With the name “phenine” given to 1,3,5-trisubstituted benzene for a fundamental trigonal planar unit to weave nanometer-sized networks, a series of curved nanocarbon molecules have been designed and synthesized. Since the 6π-phenine units were amenable to modern biaryl coupling reactions mediated by transition metals, concise syntheses of >400π-nanocarbon molecules were readily achieved. In addition, the phenine design allowed for installing of heteroatoms and/or transition metals doped at specific positions of the large π-systems of the nanocarbon molecules. Fundamental tools were also developed to specify and describe the locations of defects/dopants, quantify pyramidalizations of trigonal panels and estimate molecular Gauss curvatures of the discrete surface. Unique features of phenine nanocarbons, such as stereoisomerism, entropy-driven molecular assembly and effects of dopants on electronic/magnetic characteristics, were revealed during the first half-decade of investigations.
The UHRF protein family consists of multidomain regulatory proteins that sense modification status of DNA and/or proteins and catalyze the ubiquitylation of target proteins. Through their functional domains, they interact with other molecules and serve as a hub for regulatory networks of several important biological processes, including maintenance of DNA methylation and DNA damage repair. The UHRF family is conserved in vertebrates and plants but is missing from fungi and many nonvertebrate animals. Mammals commonly have UHRF1 and UHRF2, but, despite their high structural similarity, the two paralogues appear to have distinct functions. Furthermore, UHRF1 and UHRF2 show different expression patterns and different outcomes in gene knockout experiments. In this review, we summarize the current knowledge on the molecular function of the UHRF family in various biological pathways and discuss their roles in epigenetics, development, gametogenesis, and carcinogenesis, with a focus on the mammalian UHRF proteins.
Modern observation systems composed of seismic, geodetic, other geophysical, and geochemical networks developed in and around volcanic areas provide a mass of knowledge about volcanic activities. This paper summarizes the magma pathway and recent volcanic activity of the Asama volcano. The seismic velocity structure beneath the Asama volcano was investigated via seismic ambient noise tomography and active source seismic tomography. The magma pathway in the upper crust beneath the Asama volcano was synthesized by combining the velocity structure with a hypocenter distribution of volcanic earthquakes and ground deformations before and after eruptions. Temporal evolutions of multidiscipline data regarding the volcanic activity from October 2003 to January 2018 revealed that the supplied amount of magma from the magma chamber and the internal condition in the shallow regions of the conduit controlled the recent eruptions.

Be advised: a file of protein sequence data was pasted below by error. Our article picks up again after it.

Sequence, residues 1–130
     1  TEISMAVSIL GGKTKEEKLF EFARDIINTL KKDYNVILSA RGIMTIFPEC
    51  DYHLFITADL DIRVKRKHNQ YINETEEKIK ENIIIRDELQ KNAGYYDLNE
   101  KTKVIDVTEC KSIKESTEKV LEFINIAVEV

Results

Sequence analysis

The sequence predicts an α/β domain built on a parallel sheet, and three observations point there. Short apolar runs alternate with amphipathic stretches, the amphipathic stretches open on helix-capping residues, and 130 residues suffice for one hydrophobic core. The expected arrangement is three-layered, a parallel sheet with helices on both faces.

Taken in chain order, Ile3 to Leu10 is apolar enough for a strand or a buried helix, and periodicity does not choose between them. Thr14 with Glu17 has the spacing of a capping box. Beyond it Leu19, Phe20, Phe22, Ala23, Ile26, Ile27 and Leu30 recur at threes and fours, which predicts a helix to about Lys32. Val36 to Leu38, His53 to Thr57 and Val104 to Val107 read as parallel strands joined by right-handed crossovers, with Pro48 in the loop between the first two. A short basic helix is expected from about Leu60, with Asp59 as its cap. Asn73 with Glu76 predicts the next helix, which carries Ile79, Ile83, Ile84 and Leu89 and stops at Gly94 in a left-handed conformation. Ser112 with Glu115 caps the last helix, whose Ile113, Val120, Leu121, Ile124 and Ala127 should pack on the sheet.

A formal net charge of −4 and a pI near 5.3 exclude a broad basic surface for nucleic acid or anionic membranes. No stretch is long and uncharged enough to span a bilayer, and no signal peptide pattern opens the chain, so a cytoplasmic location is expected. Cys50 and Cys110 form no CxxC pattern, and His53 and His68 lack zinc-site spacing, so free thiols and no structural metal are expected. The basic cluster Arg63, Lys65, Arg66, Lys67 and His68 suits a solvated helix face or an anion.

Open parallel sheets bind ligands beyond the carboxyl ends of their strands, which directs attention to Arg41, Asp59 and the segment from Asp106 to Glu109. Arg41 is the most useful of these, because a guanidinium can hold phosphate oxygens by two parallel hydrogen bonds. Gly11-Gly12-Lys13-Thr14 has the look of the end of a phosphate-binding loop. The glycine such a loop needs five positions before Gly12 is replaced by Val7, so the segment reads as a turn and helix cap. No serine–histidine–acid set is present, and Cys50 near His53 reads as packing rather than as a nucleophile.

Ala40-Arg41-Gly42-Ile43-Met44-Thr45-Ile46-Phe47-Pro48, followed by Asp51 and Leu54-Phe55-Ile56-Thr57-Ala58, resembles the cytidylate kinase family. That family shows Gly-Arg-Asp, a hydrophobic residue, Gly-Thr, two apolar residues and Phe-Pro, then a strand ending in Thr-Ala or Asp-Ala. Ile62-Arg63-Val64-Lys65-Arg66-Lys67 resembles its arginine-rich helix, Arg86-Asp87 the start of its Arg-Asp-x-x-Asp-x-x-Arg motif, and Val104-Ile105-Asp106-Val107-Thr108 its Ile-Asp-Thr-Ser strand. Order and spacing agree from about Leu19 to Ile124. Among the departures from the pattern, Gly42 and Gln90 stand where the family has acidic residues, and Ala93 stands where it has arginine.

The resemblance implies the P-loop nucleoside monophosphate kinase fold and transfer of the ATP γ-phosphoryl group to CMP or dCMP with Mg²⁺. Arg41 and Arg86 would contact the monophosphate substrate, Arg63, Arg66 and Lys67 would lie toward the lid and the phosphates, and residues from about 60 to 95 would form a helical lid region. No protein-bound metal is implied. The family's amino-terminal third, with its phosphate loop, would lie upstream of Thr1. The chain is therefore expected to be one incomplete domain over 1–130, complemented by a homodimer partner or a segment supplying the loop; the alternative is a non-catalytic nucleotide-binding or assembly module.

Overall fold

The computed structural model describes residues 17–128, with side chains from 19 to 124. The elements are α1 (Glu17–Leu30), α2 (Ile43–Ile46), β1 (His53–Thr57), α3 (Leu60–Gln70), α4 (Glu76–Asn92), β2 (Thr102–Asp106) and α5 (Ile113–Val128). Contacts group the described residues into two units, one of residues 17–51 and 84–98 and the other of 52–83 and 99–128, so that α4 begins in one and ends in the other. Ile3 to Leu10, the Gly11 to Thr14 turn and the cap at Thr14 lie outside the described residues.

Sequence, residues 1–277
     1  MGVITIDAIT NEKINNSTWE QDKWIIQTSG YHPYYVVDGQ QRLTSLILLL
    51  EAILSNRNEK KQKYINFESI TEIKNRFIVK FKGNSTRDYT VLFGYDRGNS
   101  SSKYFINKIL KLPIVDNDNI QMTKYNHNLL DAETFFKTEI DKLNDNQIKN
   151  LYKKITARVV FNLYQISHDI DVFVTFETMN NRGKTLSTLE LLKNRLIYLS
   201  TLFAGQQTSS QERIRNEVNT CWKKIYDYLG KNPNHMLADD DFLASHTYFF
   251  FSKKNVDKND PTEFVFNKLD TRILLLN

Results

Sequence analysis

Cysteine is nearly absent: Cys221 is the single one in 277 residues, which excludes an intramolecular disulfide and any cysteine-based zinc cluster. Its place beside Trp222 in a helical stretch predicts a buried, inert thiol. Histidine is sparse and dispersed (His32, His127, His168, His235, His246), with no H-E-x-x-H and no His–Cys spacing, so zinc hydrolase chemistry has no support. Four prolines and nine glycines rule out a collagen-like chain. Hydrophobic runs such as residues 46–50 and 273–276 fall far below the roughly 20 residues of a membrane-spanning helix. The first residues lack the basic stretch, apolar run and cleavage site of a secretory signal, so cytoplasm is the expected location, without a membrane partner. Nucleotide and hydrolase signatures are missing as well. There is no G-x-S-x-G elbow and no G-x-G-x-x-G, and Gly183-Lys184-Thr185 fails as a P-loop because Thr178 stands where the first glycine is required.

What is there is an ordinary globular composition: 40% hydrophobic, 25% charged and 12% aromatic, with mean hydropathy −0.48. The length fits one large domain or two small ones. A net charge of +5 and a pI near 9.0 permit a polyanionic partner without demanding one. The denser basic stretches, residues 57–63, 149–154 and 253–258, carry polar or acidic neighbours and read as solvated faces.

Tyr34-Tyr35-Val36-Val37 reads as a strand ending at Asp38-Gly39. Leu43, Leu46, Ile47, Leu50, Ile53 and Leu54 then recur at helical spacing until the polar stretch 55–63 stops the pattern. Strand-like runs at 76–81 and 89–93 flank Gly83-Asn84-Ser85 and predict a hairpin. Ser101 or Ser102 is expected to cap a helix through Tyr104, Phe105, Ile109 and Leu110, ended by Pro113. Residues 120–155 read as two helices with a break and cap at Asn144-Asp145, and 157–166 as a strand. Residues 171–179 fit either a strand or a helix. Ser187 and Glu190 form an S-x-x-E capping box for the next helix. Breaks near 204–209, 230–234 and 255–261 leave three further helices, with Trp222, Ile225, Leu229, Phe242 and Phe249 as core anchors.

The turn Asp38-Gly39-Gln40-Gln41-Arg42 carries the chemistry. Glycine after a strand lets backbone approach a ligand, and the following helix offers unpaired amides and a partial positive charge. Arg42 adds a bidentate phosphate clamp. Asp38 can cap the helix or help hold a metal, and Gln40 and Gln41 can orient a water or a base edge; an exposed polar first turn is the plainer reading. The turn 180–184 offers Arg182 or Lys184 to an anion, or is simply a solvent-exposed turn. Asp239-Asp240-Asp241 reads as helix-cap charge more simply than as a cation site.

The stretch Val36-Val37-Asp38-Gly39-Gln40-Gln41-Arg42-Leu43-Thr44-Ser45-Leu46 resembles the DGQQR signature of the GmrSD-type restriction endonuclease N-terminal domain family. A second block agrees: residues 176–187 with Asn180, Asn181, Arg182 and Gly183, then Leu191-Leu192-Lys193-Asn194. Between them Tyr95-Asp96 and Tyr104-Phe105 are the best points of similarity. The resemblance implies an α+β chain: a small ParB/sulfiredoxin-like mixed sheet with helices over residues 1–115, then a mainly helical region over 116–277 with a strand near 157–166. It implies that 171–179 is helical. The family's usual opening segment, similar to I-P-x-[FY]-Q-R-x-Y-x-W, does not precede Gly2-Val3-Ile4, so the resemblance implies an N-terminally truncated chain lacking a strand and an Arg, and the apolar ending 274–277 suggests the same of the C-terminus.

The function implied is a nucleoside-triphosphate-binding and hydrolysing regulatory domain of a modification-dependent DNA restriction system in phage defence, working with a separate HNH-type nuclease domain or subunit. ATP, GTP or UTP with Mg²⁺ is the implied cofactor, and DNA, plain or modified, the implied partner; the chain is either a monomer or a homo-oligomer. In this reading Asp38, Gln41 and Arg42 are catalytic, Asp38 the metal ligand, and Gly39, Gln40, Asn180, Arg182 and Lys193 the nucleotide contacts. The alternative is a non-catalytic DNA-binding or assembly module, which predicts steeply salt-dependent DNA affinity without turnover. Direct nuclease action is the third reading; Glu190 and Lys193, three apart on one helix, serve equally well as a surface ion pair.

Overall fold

The establishment of the Nobeyama Radio Observatory (NRO) in 1982 was an important event that greatly influenced the subsequent development of Japanese astronomy. The 45 m radio telescope and the Nobeyama Millimeter Array (NMA) pushed Japanese radio astronomy to the forefront of the world. As a plan beyond the Nobeyama telescopes, the Japanese radio astronomy community considered a large array to achieve unprecedented resolution at millimeter and submillimeter wavelengths under the project name of the Large Millimeter and Submillimeter Array (LMSA). After long and patient discussions and negotiations with the United States and Europe, the LMSA plan eventually led to the ALMA (Atacama Large Millimeter/submillimeter Array) as an international joint project, and the ALMA was inaugurated in 2013. This paper reviews the process from the establishment of the NRO to the realization of the ALMA, including planning of the LMSA, international negotiations, site survey, instrumental developments, and initial science results.
Land plants have developed sophisticated systems to cope with severe stressful environmental conditions during evolution. Plants have complex molecular systems to respond and adapt to abiotic stress, including drought, cold, and heat stress. Since 1989, we have been working to understand the complex molecular mechanisms of plant responses to severe environmental stress conditions based on functional genomics approaches with Arabidopsis thaliana as a model plant. We focused on the function of drought-inducible genes and the regulation of their stress-inducible transcription, perception and cellular signal transduction of stress signals to describe plant stress responses and adaptation at the molecular and cellular levels. We have identified key genes and factors in the regulation of complex responses and tolerance of plants in response to dehydration and temperature stresses. In this review article, we describe our 30-year experience in research and development based on functional genomics to understand sophisticated systems in plant response and adaptation to environmental stress conditions.